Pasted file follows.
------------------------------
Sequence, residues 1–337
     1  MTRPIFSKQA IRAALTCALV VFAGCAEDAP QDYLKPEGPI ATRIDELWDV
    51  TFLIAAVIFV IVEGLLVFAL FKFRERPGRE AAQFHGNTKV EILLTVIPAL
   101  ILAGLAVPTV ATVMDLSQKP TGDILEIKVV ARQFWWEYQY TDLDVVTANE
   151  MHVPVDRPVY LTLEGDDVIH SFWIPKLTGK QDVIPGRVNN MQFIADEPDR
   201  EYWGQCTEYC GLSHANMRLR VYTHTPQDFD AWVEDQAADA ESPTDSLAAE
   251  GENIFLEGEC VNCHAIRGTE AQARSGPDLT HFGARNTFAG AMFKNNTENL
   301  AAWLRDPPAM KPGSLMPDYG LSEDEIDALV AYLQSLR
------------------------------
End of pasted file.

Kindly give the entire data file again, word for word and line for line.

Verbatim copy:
Sequence, residues 1–337
     1  MTRPIFSKQA IRAALTCALV VFAGCAEDAP QDYLKPEGPI ATRIDELWDV
    51  TFLIAAVIFV IVEGLLVFAL FKFRERPGRE AAQFHGNTKV EILLTVIPAL
   101  ILAGLAVPTV ATVMDLSQKP TGDILEIKVV ARQFWWEYQY TDLDVVTANE
   151  MHVPVDRPVY LTLEGDDVIH SFWIPKLTGK QDVIPGRVNN MQFIADEPDR
   201  EYWGQCTEYC GLSHANMRLR VYTHTPQDFD AWVEDQAADA ESPTDSLAAE
   251  GENIFLEGEC VNCHAIRGTE AQARSGPDLT HFGARNTFAG AMFKNNTENL
   301  AAWLRDPPAM KPGSLMPDYG LSEDEIDALV AYLQSLR